Sometimes, you know, it really is the company rather than the actual event. I know I keep saying this (especially on Sundays, which seems to be my day for getting morbid), but I really miss my Dad. The Ansel Adams exhibit at MOMA was wonderful, and I wish he had been there with me instead of my aunt. Dad really saw pictures and responded to them both intellectually and emotionally. He always had an insight to share, an idea, a thought, an emotion. Alice basically ditched me when we were in the first room and breezed through the exhibit, so I had no-one to say, “Isn’t that beautiful” or “How on earth did he get that shot?” to. And yet, she studies art and photography all the time. The thing is, this is what she usually does, and I never seem to learn. I always think it’s going to be different — the triumph of optimism over experience.
The exhibit was set up chronologically, showing what other artists and photographers were doing at the time Adams began his long career (in the 1920’s), putting his beginnings in context. The following rooms showed his evolution as an artist, from the sweeping photos showing the majesty of Yosemite and Alaska and the Grand Canyon through to moodier, more abstract works. You could see the artist honing his craft, learning. One of my favorites showed a desert town in New Mexico at night, an ancient graveyard in the foreground and the small adobe houses behind. A lone horse grazes in the moonlight, and the moon looks so close to the earth that you feel you could reach up and put your arms around it. Another wonderful photo showed how the spiky needles of a grove of pine trees was echoed in the starry grasses at its feet.
About the only thing we were both amazed by was an indescribable sculpture by Sara Sze, called “Things Fall Apart”. I can tell you that it was essentially a deconstructed red Jeep Cherokee in five parts, swooping up and up from the atrium of the museum, but that can’t even begin to give an idea of what a powerful, moving piece it is — both literally and metaphorically, since it includes electric fans that move various items of urban detritus within the sculpture.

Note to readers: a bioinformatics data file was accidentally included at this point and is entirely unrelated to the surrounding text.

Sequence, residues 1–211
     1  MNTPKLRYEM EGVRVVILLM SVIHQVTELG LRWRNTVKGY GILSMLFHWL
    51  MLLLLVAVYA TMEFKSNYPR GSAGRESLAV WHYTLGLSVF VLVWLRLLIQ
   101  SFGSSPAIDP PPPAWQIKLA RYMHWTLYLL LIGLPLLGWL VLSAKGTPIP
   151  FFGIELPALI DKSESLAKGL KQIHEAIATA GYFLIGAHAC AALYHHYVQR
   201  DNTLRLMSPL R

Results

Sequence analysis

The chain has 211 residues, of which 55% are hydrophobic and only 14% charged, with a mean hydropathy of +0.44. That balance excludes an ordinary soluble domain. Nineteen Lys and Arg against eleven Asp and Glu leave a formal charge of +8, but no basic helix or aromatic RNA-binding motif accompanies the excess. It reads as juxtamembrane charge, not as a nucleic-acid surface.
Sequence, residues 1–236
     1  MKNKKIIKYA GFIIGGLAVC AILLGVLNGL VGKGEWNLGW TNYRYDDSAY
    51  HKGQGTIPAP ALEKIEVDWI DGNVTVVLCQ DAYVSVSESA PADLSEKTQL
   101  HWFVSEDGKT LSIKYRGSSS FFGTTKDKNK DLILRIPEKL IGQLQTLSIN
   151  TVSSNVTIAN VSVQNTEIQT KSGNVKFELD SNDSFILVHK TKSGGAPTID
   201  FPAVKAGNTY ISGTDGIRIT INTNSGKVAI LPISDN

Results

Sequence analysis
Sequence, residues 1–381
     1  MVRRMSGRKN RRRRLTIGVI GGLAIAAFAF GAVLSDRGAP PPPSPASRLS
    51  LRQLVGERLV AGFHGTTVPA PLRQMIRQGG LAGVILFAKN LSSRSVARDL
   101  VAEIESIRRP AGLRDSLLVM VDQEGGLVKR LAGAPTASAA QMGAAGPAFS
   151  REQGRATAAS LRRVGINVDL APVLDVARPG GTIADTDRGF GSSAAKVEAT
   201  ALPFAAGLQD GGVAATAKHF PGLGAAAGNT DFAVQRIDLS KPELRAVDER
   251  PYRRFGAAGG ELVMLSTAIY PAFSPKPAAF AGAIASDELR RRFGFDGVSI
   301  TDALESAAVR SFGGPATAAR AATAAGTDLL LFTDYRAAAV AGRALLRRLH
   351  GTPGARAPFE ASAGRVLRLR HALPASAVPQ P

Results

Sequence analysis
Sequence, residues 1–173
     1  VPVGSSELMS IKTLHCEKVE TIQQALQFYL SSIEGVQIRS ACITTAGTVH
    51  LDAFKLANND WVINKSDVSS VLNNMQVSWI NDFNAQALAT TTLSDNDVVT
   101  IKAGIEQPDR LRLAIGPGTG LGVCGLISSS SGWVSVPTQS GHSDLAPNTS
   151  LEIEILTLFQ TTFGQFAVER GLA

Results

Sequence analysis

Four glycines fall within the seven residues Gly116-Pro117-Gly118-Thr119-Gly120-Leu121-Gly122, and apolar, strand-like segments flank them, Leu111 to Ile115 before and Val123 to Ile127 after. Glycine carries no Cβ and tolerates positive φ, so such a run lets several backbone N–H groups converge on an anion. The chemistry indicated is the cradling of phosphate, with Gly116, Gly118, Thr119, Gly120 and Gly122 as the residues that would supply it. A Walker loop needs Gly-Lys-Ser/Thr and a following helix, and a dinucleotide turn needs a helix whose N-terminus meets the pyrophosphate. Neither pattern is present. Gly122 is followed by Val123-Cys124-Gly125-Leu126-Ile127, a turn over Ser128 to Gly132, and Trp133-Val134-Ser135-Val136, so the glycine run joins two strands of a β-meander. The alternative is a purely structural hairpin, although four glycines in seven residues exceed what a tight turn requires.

We were rather late in meeting Rufus for dinner at Le Petit Robert. It was our first time there, and it won’t be the last. It’s a charming, simply decorated space, and the food is excEt. As in the adjacent bakery, the staff is French and both know and appreciate the food they are serving. Alice and Rufus had beer, but I had a perfect kir royale (champagne with black currant liqueur), which had the added fillip of a lemon twist on top. There were radishes with coarse salt already on the table, and a basket of the wonderful bread from the next door bakery. Alice had the traditional French onion soup, and two separate small plates: one of creamy potatoes baked with garlic and cr?me fraîche, and one of fried artichokes sliced very thinly. Rufus had roast chicken with matchstick thin frites, just like Paris. I had a salad of roasted baby beets with ch?vre, toasted hazelnuts, and tarragon, followed by mussels steamed with wine, saffron, and sweet onions. I had a glass of 1994 Sterling chardonnay with it. Again, I wished Dad had been there to read the menu and the wine list with me. We always had such a good time choosing the wine and the food to go with it (not the other way around), and figuring out what was in each dish and tasting each other’s. Sometimes we would reproduce dishes we really liked at home. There really is no-one I would rather cook with, drink a glass of wine with, or see an art exhibit with.
The desserts looked fantastic: coffee cr?me caramel; bittersweet chocolate mousse with an orange-caramel snap; canel? de Bordeaux with Bing cherries and custard sauce. But Alice had decided it was now too noisy and she wanted to go, so no dessert for Suzy (and I still want some!). Next time, I’m going to go there and order all three desserts and have them for dinner. You can do that when you’re a grown-up (or just look like one). It’s some compensation for having to go to work every day and pay taxes.